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The tech aiming to give you a good night’s sleep

Bright idea: Philips’
wireless Hue lights

Under cover comforts

The Withings Sleep and the Hupnos (below)

The Withings Sleep (£99.95, is good place to start: it’s a snooze-tracking sensor that lurks beneath your mattress to monitor movement, sleep cycles, respiration and heart rate, as well as detect snoring, all in order to improve sleeping habits. A recent update means it now measures the intensity of these disturbances to help identify serious disorders like sleep apnea.

But if it’s your other half’s freight train-style snoring that’s keeping you awake at night, the intelligent and snore-busting Hupnos (£95, sleep mask can detect your noise and send tiny vibrational cues to the offender to change positions and open their airways.

Nodding off and waking up

The Bodyclock Spark 100 and Philips’ Hue (below)

It’s widely believed that sleep-related issues are caused by a disruption to our circadian rhythms and that light plays a vital role in adjusting and maintaining our internal body clock. Lumie’s Bodyclock Spark 100 (£75, promises to help you wind down with a gradual 30-minute sunset simulation that triggers a natural cue in the body to increase the production of sleep hormones. On the flip side, by simulating a sunrise it’ll rouse you in the morning in a more natural way, helping you beat early morning misery (also known as ‘sleep inertia’) by gradually getting brighter.

Meanwhile, Philips’ excellent wireless Hue lights (from £59.99, make it easy to effortlessly set and trigger 30-minute fades by audibly commanding Google’s digital assistant to do it for you. Simply uttering ‘turn on gentle wake up’ will sync your lights with any alarms you ask the Assistant to set, while ‘hey Google, sleep the lights’ kicks off that faux sunset.

Pillow talk

The Soundasleep Bluetooth Speaker

Because your body temperature naturally shifts as you sleep, high temperatures can lead to fragmented and disturbed slumber. Your body needs to decrease its temperature to fall asleep, which explains why flipping over the pillow to feel the gratifyingly cold caress of the cooler side is one of the small joys of being horizontal.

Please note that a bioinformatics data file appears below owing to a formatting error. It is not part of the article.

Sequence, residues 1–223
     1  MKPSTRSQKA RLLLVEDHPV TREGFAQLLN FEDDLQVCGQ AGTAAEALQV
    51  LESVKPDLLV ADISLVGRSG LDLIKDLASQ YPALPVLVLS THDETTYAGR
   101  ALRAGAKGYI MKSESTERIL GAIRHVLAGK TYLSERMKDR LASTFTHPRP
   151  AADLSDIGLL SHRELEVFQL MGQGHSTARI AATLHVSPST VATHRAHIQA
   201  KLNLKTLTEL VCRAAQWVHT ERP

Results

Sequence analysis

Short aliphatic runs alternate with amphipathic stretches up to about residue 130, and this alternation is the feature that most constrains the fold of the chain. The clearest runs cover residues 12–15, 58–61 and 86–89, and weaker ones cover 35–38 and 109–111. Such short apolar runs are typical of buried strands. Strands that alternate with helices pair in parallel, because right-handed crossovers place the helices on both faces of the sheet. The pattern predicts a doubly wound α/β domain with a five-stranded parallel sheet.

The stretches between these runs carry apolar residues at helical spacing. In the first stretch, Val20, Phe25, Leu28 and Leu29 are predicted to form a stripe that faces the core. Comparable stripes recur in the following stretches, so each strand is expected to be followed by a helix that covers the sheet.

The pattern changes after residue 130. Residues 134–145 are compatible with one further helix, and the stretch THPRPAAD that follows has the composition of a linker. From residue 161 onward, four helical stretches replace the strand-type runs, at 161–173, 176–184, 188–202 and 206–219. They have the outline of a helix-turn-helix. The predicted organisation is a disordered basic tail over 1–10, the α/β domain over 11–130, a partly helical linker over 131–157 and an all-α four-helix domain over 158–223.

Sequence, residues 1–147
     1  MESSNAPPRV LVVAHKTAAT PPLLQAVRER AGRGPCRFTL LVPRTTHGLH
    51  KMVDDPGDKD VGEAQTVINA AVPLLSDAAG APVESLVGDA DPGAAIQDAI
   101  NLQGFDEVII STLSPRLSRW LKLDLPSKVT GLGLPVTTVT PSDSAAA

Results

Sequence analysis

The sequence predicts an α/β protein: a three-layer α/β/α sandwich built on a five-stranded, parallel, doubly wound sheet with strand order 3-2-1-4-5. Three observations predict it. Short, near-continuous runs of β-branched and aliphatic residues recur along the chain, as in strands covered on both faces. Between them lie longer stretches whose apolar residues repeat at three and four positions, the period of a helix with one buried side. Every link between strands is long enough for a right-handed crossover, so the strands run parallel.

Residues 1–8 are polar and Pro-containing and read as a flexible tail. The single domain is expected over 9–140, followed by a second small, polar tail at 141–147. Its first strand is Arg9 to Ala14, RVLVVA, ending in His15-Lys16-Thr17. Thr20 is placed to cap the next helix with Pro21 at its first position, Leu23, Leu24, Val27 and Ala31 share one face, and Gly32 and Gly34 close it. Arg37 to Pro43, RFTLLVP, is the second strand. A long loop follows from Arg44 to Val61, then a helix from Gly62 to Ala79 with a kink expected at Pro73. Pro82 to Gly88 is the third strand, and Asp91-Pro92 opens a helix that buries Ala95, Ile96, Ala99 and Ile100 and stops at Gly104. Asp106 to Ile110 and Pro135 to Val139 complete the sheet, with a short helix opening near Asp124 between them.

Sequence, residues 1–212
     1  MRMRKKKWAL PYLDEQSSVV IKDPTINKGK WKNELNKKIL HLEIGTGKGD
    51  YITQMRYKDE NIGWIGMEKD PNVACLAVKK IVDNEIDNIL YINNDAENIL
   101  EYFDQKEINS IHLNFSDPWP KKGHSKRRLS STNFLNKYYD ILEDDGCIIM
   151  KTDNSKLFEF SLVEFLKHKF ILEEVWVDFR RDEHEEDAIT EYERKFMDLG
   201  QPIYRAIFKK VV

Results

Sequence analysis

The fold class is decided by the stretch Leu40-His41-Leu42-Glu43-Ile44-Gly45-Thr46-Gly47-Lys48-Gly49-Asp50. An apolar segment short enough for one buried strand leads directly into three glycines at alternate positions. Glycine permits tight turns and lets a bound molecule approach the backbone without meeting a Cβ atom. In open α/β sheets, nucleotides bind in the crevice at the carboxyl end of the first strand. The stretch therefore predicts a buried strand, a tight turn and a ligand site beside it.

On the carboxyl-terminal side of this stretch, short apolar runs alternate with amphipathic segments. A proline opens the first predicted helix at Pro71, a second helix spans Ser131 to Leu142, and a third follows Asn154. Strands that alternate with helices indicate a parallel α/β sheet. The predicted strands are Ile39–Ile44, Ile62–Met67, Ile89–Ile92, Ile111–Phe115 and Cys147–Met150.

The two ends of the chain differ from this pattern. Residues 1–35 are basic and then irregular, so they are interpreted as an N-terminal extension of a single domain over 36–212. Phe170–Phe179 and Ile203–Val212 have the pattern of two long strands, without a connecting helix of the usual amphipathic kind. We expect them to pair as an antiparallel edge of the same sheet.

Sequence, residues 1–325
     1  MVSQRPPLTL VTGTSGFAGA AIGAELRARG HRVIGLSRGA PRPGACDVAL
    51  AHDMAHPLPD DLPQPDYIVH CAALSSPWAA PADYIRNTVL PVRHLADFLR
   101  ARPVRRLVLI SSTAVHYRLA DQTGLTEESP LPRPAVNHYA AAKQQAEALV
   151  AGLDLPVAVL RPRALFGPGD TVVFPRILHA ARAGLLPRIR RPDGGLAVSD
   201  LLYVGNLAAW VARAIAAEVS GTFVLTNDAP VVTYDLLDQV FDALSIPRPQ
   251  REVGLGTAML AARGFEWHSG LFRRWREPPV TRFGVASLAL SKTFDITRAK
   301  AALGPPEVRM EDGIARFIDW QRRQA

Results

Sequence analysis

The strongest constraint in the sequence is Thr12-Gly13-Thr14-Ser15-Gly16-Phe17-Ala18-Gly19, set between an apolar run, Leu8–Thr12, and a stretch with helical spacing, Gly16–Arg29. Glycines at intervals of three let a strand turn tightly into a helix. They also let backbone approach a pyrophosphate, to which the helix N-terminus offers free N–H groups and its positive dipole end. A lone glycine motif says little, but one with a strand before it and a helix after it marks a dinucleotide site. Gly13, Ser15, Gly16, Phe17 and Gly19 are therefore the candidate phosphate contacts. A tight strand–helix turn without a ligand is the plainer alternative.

Smart sleeping accessory Moona (£227, wants you to stay as cool as Idris Elba covered in liquid nitrogen with its clever cooling system. Regulating temperature by pumping cool water into a pad in your pillow case, it’s designed to create the perfect conditions to doze off and wake up feeling rested — until the incessant sound of your alarm wakes you, that is.

If you’re cool enough, how about an app-controlled face cushion that surrounds your skull with the dulcet tones of your favourite podcast presenter, meditation sounds or whatever noise you fancy to create the optimum sleeping environment? The Soundasleep Bluetooth Speaker Pillow (£50, soundasleep curbs snoring with a decibel-level-controlled in-app alarm, while a smart alarm wakes you up with your audio of choice.

Monitor this: Sleep-tracking equipment

Apple sleep

The Apple Watch can’t track sleep natively but rumours suggests it’s ready to catch up and track the number of zzzs you catch every night, following a series of testing at top-secret sites.

Get Active

Samsung’s Galaxy Watch Active switches into sleep-tracking mode when you’re horizontal, offering up a breakdown of the quality of your sleep based on how long you spent in REM. £229,


This hi-tech headband uses EEG sensors to record and analyse brain and sleep activity, and track heart and breathing rates, to help you better understand your sleeping patterns. £428,